|Safflower||Thickens and becomes rancid with prolonged exposure to air.|
|Sunflower||Store in a well-filled, airtight container at a cool temperature (less than 40°F), protected from light.|
How do I keep my base oils from expiring?
Ideally, store your cold-pressed base oils in dark bottles in the refrigerator. This will help to keep them as fresh as possible. But, base oils can become rancid over time, whether stored in the fridge or not. It’s best not to buy base oils in bulk unless you know you use a large quantity on a regular basis.
Vegetable oils, like olive and sunflower, need a little extra attention. Store them in a cool place or they can easily oxidize and turn rancid.
In natural cold-pressed oils, the vitamin E will protect the oil from rancidity to some extent, but it will still oxidize given enough time or when exposed to light, heat, or air for too long. In refined oils, the vitamin E is destroyed or removed and a chemical antioxidant added. Avoid refined oils because of their chemical content.
How do I recognize rancid base oils?
Rancid base oils will typically have a putrid, strong, or sour smell, but not always. Some oils, like coconut oil, will even change color (coconut oil will turn yellow). Unfortunately, there’s no foolproof way to tell if your oil is truly fresh. It’s best to follow the proper storage guidelines above and use up your base oils before the shelf life expires.
What are the dangers of using rancid base oils?
Rancid oils pose more risk than a stinky smell. They can be toxic. When fresh, many oils like coconut oil contain antioxidants, which scrub harmful free radicals from the body. But when oil goes rancid, it has the opposite effect. Rancid oils can increase the amount of free radicals in the body, which can damage cells and encourage diseases like cancer, diabetes, and more.
Moreover, eating rancid oil can possibly deplete your vitamin E and vitamin B levels. And if that’s not enough to convince you to keep your base oils fresh, rancid oils can contain potentially toxic compounds that can lead to diseases like heart disease, accelerated aging, and even cancer. According to holistic health sage Dr. Andrew Weil, rancid oils are “carcinogenic, pro-inflammatory, and very toxic.”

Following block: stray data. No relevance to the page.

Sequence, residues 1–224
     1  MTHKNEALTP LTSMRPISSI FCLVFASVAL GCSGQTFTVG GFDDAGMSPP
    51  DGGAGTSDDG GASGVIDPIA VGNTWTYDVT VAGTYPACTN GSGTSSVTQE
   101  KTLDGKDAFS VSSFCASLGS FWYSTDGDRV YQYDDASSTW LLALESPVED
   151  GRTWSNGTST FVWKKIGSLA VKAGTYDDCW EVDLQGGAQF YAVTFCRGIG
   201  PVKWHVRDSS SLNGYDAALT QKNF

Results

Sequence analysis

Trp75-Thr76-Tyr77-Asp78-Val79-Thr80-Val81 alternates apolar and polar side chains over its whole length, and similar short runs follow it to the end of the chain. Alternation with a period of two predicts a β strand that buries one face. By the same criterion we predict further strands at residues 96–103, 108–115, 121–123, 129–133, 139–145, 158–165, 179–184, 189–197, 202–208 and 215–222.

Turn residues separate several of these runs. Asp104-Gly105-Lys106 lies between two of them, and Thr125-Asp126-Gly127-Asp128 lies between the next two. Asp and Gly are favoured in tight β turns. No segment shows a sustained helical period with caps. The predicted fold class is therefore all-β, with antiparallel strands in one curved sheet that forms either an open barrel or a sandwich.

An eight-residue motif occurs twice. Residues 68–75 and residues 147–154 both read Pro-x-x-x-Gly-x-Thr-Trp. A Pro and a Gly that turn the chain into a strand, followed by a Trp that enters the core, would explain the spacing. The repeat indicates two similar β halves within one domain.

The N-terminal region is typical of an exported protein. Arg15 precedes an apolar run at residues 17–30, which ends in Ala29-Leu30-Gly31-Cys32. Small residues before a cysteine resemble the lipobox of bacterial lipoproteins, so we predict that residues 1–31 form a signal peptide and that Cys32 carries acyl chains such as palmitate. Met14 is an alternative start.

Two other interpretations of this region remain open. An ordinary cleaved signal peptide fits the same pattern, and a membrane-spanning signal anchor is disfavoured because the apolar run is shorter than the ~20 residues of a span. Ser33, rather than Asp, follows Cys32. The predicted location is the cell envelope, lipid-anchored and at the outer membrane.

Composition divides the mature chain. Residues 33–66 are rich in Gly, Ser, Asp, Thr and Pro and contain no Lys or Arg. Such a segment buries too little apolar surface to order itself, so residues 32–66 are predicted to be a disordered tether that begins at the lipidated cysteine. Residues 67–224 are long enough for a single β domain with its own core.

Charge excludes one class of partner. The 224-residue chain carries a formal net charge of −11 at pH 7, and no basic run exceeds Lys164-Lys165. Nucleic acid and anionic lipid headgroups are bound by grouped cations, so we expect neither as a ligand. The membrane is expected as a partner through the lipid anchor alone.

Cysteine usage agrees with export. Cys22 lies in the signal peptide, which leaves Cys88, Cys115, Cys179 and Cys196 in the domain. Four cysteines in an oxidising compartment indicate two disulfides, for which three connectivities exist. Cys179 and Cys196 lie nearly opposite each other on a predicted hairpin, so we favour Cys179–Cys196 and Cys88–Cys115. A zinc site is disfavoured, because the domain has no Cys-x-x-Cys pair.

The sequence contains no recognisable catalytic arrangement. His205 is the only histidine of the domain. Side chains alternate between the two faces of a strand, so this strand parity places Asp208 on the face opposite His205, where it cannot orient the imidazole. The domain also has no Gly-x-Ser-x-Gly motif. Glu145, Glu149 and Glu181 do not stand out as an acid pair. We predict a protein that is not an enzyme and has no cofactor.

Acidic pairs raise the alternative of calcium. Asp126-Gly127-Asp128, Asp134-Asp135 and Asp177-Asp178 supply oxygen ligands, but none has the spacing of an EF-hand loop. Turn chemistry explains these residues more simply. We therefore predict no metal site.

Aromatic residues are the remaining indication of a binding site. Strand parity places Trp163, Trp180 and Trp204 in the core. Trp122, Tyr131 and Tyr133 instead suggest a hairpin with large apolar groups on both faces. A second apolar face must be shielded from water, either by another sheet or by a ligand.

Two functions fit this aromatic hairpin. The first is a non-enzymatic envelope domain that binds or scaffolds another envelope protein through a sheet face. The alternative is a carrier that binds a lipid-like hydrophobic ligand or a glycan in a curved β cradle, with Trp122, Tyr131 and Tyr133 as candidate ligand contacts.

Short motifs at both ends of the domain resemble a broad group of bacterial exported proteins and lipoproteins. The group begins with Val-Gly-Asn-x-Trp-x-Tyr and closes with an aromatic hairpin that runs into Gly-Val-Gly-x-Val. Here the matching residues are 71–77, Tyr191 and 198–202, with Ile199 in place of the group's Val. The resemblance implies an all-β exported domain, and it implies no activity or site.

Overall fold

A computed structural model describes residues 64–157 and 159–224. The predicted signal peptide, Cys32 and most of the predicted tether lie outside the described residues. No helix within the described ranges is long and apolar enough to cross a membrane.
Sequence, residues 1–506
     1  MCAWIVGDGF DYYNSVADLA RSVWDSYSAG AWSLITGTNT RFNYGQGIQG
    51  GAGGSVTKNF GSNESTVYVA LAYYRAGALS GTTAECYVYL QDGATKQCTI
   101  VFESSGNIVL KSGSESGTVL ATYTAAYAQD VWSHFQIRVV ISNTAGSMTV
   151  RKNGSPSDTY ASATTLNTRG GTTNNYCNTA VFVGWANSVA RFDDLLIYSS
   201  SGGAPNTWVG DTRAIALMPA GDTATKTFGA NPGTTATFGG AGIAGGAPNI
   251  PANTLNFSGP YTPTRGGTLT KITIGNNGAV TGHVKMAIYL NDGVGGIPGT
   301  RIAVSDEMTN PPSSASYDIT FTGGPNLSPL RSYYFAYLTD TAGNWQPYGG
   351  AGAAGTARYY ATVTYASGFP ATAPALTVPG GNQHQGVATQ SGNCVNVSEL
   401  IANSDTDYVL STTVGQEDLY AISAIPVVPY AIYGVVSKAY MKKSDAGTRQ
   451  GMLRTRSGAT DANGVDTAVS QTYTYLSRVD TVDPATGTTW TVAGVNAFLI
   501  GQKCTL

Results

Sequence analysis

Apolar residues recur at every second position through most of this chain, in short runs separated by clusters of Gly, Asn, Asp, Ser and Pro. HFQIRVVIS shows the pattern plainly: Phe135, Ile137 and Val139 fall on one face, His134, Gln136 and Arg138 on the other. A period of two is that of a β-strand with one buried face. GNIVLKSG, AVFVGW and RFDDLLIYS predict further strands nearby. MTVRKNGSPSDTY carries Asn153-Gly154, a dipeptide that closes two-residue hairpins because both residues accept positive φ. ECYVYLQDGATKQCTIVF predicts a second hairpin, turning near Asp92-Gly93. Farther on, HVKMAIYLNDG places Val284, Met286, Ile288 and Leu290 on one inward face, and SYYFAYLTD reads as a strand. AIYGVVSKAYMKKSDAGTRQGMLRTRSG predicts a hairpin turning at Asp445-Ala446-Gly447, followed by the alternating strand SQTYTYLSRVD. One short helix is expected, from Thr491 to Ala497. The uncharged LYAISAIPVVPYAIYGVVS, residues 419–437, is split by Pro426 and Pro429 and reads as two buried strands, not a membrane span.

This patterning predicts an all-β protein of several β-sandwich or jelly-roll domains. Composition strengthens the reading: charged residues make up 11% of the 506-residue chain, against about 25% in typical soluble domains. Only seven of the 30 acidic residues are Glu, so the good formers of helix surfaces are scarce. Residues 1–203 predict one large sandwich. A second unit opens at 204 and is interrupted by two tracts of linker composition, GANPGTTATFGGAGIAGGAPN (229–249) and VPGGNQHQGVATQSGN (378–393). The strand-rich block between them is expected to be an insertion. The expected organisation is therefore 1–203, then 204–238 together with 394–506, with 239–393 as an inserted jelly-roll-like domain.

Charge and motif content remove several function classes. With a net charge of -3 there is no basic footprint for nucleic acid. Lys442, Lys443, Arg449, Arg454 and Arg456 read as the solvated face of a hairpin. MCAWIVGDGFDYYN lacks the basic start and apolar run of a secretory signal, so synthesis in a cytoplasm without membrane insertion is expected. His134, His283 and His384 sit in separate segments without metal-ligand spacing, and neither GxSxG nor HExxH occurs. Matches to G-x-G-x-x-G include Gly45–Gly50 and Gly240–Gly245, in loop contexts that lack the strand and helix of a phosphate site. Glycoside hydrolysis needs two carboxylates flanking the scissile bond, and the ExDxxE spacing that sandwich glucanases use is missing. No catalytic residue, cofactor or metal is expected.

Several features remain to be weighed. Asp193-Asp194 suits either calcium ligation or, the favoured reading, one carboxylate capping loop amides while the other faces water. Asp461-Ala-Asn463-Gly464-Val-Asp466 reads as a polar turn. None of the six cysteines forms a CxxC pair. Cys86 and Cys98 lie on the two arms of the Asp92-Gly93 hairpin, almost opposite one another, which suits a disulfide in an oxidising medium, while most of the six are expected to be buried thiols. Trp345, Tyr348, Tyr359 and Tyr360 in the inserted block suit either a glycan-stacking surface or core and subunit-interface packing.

How do I learn more about aromatherapy and quality oils?
If all this talk about terpenes, shelf life, antioxidants, and essential oil quality has you clamoring for more, you’re in the right place. You can start by feeding your aromatherapy cravings with our essential oil safety blog series. And if you’re really ready to get elbows deep in essential oils (JK… that wouldn’t be safe), check out our accredited, online certificates, diplomas, associate and master degrees in aromatherapy.
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This article is for informational purposes only. It is not intended to treat, diagnose, cure, or prevent disease. This article has not been reviewed by the FDA. Always consult with your primary care physician or naturopathic doctor before making any significant changes to your health and wellness routine.
 Totani, Nagao, Burenjargal, Munkhjargal, Yawata, Miho, Ojiri, & Yuko. (2008). Chemical properties and cytotoxicity of thermally oxidized oil. Journal of Oleo Science, 57(3). 153-60. doi: 10.5650/jos.57.153. Retrieved from https://www.researchgate.net/publication/5582569_Chemical_Properties_and_Cytotoxicity_of_Thermally_Oxidized_Oil
 Eng, M. (7 March 2012). “Has your food gone rancid? Consumers may have kitchen full of dangerous products and not know it.” Chicago Tribune. Retrieved from http://articles.chicagotribune.com/2012-03-07/features/sc-food-0302-rancidity-20120307_1_trans-fats-polyunsaturated-oils-food-chain